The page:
Increase Timeout for a View?

Access Client, SQL Server backend.

In the Access client I am linking to a view on SQL Server.

The view is taking a long time to process, and eventually times out.

The same view takes a long time to return (in SQL Server Query Analyzer) but finishes.

I am looking at 2 options:

1)  Wrap a Pass Through Query around the View and use the Pass Through Query ODBC Timeout property to help with the timeout issue.

2)  Increase the timout for the View in the Access client (Is this possible?  I didn't see a "Timeout" property for a View like I did for a Pass Through query)
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Tom KnowltonWeb developerAsked:
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Karen FalandaysTraining SpecialistCommented:
I'm guessing the "view" comes from a query of some sort in Access, and you can increase the timeout in the design view of the query properties. If you set the timeout to 0, no timeout error occurs.

You may want to see what else is happening in the query/sql behind the scenews of the view, if it continues to be slow
Karen
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Karen FalandaysTraining SpecialistCommented:
I'm guessing the "view" comes from a query of some sort in Access, and you can increase the timeout in the design view of the query properties. If you set the timeout to 0, no timeout error occurs.

You may want to see what else is happening in the query/sql behind the scenews of the view, if it continues to be slow
Karen
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Tom KnowltonWeb developerAuthor Commented:
"View" in this case is a special read-only recordset available in SQL Server

I see the "View" I have to link to it via ODBC or some other means.  The code behind the View resides on SQL Server.
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Karen FalandaysTraining SpecialistCommented:
Sorry to be so dense, but with Access as the client, how are you accessing the view? Is it listed with the table objects?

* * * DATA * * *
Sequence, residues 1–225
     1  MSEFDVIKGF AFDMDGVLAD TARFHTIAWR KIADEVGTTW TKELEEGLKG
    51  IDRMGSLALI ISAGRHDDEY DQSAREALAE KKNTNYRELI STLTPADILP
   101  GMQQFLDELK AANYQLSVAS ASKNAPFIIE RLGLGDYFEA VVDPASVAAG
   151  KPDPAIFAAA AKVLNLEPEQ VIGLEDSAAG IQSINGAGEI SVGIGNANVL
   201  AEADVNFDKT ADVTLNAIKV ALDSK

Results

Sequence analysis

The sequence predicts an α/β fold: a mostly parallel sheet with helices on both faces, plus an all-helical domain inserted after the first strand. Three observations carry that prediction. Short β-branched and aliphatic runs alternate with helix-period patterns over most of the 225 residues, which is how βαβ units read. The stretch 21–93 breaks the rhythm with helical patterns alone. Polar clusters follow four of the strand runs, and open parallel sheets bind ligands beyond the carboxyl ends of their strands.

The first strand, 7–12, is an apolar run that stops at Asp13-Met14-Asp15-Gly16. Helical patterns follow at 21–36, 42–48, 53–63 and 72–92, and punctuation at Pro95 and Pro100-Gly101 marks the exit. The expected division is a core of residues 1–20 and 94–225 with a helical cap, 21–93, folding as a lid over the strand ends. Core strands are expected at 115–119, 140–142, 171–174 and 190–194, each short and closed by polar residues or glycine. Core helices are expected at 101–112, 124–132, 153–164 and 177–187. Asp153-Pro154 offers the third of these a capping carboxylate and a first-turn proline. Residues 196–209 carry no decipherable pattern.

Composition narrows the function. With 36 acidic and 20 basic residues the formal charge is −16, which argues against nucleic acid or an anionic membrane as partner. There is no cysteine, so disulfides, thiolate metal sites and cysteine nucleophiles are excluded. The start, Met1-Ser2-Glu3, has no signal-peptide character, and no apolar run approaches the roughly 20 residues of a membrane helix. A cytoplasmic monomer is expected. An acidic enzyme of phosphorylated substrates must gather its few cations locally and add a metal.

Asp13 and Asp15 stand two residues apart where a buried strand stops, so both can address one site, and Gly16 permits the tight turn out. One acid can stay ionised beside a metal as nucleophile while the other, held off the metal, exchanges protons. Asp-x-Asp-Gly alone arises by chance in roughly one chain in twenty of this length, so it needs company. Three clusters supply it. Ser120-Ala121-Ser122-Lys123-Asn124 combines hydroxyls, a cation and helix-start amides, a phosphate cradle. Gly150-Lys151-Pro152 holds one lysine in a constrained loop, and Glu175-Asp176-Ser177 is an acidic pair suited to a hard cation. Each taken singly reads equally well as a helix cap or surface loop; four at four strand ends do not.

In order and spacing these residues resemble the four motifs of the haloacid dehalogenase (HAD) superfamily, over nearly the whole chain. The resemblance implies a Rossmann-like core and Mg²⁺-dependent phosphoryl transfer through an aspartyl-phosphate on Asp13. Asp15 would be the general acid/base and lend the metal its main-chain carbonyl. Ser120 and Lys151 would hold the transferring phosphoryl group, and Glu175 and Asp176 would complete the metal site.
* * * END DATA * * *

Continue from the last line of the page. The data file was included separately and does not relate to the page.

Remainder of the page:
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Tom KnowltonWeb developerAuthor Commented:
Correct.

The ICON for the link to the SQL Server View looks different....it is a globe icon.

When I go into the Design View for the SQL Server View object, and righ-click on the Title Bar and go to Properties....there seems to be no "ODBC Timeout" property (like you would see for a SQL Server Pass Through Query object)
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Karen FalandaysTraining SpecialistCommented:
OK, that's good. It's a linked table to Access
Now try this:
Create a query based on the view, add all of the fields and change the properties to see the odbc timeout to 0. Will that work?
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Tom KnowltonWeb developerAuthor Commented:
RE:  setting the timeout to 0...yes I will try that in a minute.

As an example:

SELECT Count(homebuyerThanksView.EntryID) AS HBCount FROM homebuyerThanksView;

Gives a timeout error in Access.

If I run the SAME thing in SQL Server's Query Analyzer, it will finish, but takes a long time.

Hope this helps,

Tom
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Karen FalandaysTraining SpecialistCommented:
Oh I see what you are doing. I have to think about that some more.

On another note, are you friendly with the dba who owns/maintains the data? Sounds like they need to add an index here or there to help speed things up. THat almost always does the trick.
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Tom KnowltonWeb developerAuthor Commented:
The DBA has admitted that the problem is on his end.

As a temporary work-around I am trying to increase the timeout duration so the program can still FUNCTION, albeit very very slowly.
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Karen FalandaysTraining SpecialistCommented:
OK, good luck with that. In the meanwhile, in the main screen of Access, try to go to Tools, Options, Advanced and manipulate some of these settings..it may help!
Karen

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Tom KnowltonWeb developerAuthor Commented:
Thanks, Karen.

Tom
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Karen FalandaysTraining SpecialistCommented:
Anytime, and let me know if any of the other things worked!
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Tom KnowltonWeb developerAuthor Commented:
As a matter of fact, setting the ODBC Timeout to 0 worked for the 3 queries I'm using for counting the number of records.

Looks like you'll be getting partial if not full credit for this question.

I need a few more minutes to test....and then I'll be back here to award your points!

:)

Thanks,

Tom
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Karen FalandaysTraining SpecialistCommented:
Oh very cool. I know how frustrating that can be! Hope the dba can get those indexes for you too, that will REALLY speed them up! I had views accessing 6 million records, in a multiuser that was dragging until he re-indexed correctly!
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Tom KnowltonWeb developerAuthor Commented:
Your advice allowed me to workaround the problem.

The points are yours, with my sincere gratitude!

Tom
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Karen FalandaysTraining SpecialistCommented:
Wowee! I'm so glad for you, and I love the points!
Karen
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